Kathleen Ross, Ph.D.
Secretary, Yes We Must Coalition
President Emerita, Heritage University, Washington
Sister Kathleen Ross is nationally known as a leader in higher education, especially in the field of cross-cultural communication. Her career in higher education spans more than three decades. In the 1970s, she served as provost of Fort Wright College in Spokane, Washington where she oversaw the creation of outreach programs in Toppenish on the Yakama Nation Reservation that extended the opportunity for four-year college degrees to rural, minority and low income populations typically not served by higher education institutions. When Fort Wright College closed in 1982, she became the founding president of Heritage University in Toppenish, where she oversaw its growth from 85 students to more than 1400, stepping down in 2010. After spending a sabbatical as a Visiting Research Scholar at Claremont Graduate University in Spring 2011, she returned to Heritage where she has launched the Institute for Student Identity and Success. As the Director of this new Heritage University endeavor, she has received grant funding to promote degree completion by low-income, first-generation-to-college students nationally.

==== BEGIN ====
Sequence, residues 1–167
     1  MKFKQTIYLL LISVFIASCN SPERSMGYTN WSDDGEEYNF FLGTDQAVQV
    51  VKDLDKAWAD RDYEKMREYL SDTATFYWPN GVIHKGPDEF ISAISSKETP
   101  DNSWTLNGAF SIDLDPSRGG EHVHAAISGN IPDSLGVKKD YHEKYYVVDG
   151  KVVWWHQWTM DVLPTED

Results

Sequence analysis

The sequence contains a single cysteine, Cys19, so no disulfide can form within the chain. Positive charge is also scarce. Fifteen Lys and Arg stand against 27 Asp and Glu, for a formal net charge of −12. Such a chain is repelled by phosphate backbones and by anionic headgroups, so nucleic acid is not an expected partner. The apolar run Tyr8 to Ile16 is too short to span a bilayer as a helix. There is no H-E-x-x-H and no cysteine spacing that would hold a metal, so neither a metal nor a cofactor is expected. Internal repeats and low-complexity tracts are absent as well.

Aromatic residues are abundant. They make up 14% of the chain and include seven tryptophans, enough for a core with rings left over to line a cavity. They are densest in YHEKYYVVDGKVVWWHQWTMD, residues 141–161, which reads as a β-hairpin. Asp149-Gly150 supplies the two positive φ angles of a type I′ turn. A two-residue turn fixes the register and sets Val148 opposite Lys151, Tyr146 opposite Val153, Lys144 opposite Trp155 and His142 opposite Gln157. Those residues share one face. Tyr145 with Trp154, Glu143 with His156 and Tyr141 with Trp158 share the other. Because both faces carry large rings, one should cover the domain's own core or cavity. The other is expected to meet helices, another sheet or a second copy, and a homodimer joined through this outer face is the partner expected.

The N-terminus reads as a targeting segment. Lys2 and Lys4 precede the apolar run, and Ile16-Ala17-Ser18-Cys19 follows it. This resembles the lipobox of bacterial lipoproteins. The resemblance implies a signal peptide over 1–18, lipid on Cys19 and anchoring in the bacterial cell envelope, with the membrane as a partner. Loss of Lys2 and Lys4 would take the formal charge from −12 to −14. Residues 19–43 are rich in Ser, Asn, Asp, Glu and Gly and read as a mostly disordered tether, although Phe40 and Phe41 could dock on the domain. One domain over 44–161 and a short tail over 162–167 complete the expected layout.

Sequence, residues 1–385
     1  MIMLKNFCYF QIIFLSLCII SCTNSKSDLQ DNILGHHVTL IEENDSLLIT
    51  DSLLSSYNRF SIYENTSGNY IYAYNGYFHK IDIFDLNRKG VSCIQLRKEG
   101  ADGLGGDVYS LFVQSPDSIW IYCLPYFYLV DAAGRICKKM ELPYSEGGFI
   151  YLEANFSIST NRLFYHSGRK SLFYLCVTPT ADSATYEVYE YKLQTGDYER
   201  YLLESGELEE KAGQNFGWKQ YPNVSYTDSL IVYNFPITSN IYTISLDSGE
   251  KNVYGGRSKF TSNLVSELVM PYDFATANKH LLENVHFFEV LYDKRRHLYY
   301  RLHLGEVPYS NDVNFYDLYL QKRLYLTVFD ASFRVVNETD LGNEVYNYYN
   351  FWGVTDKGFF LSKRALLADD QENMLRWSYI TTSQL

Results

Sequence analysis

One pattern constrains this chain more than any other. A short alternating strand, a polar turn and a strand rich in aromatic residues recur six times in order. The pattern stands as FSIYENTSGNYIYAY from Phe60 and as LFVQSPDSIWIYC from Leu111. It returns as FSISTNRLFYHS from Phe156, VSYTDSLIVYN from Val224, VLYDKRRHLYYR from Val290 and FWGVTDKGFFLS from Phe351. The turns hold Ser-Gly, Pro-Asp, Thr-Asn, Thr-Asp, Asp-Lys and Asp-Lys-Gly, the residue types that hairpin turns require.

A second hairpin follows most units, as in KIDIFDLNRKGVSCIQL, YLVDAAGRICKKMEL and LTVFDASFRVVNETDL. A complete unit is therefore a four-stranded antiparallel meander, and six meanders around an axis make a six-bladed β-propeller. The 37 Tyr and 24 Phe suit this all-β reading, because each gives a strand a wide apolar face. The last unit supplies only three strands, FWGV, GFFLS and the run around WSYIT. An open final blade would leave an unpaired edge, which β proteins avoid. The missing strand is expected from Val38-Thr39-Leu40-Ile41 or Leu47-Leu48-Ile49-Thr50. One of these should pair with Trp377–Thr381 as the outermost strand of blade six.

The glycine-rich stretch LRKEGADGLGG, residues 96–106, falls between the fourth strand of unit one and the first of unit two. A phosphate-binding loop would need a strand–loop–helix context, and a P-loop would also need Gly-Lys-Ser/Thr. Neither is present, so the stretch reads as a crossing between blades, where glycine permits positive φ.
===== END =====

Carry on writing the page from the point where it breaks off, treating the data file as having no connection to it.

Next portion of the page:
Dr. Ross has received numerous awards, including the 1989 Harold McGraw Prize in education, the 1991 John Carroll Award from Georgetown University, the 1995 State of Washington Medal of Merit, and in 1997 she was named a MacArthur Foundation Fellow, the so-called “Genius Award.” She has received honorary degrees from more than a dozen colleges and universities including Dartmouth, Pomona, Notre Dame, Whitworth, Gonzaga, Pacific Lutheran, University of Puget Sound and Seattle University, as well as the Eastern Washington University Medal of Merit and the University of Portland Christus Magister Medal. Dr. Ross holds a B.A. degree from Fort Wright College (the predecessor to Heritage University), an M.A. from Georgetown University, and a Ph.D. from Claremont Graduate University. At Claremont, she did her dissertation under the guidance of Howard Bowen and Peter Drucker on cultural factors affecting the success of American Indian students in higher education. Dr. Ross is a member of the Sisters of the Holy Names of Jesus and Mary, an order of Catholic Sisters dedicated to education, especially for the poor and disadvantaged.